Measured diurnal curves of dissolved oxygen (DO) concentration have been used to estimate the gross primary production (GPP), ecosystem respiration (R), and net ecosystem production (NP) of aquatic communities. Open-system one-station and two-station methods have been employed to estimate the rate of NP, R, and GPP. We conducted field measurements in Minnehaha Creek, MN (44o56'N, 93o28'W), to quantify the spatial and temporal variabilities of DO concentrations and, consequently, evaluated the estimates of NP. Dimensionless analysis of DO mass balance revealed the dominance of local photosynthesis over respiration, advection, re-aeration, and dispersion along the studied reach. Two alternative estimation methods of stream metabolism provided similar estimates of NP with 0.65>kaTa>0.17 within the studied reach where ka is the re-aeration rate and Ta is the water parcel average travel time. The spatial variability of DO change along the creek revealed an average length scale of 10m over which DO exhibited significant autocorrelation. The autotrophic-heterotrophic balance, quantified by GPP to R ratio, scaled with local stream geomorphic and hydraulic conditions from diverse geographic areas, providing useful predictive relationships expressed in terms of easily measurable abiotic parameters.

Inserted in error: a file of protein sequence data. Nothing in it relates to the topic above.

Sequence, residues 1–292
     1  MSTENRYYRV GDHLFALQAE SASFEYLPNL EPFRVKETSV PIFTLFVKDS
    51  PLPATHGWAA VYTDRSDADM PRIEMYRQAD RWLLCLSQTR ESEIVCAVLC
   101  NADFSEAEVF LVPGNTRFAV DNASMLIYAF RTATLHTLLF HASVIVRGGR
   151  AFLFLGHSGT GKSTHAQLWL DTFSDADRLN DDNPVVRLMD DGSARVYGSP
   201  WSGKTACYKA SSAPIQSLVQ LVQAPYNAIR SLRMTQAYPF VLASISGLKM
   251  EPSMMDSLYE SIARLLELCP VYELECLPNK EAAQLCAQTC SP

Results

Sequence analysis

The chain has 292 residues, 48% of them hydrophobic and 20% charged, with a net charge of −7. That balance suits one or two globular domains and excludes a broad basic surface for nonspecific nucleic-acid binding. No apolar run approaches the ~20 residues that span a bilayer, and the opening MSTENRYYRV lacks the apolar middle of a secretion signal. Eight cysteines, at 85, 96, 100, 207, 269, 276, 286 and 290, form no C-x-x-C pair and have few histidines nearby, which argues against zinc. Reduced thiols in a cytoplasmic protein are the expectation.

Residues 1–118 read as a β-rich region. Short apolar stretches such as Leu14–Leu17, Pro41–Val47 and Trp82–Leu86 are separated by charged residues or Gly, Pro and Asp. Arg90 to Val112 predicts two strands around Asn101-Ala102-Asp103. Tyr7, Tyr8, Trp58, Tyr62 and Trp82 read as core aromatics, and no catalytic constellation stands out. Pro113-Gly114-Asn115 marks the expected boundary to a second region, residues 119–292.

- Fluid mechanics
- Gross primary production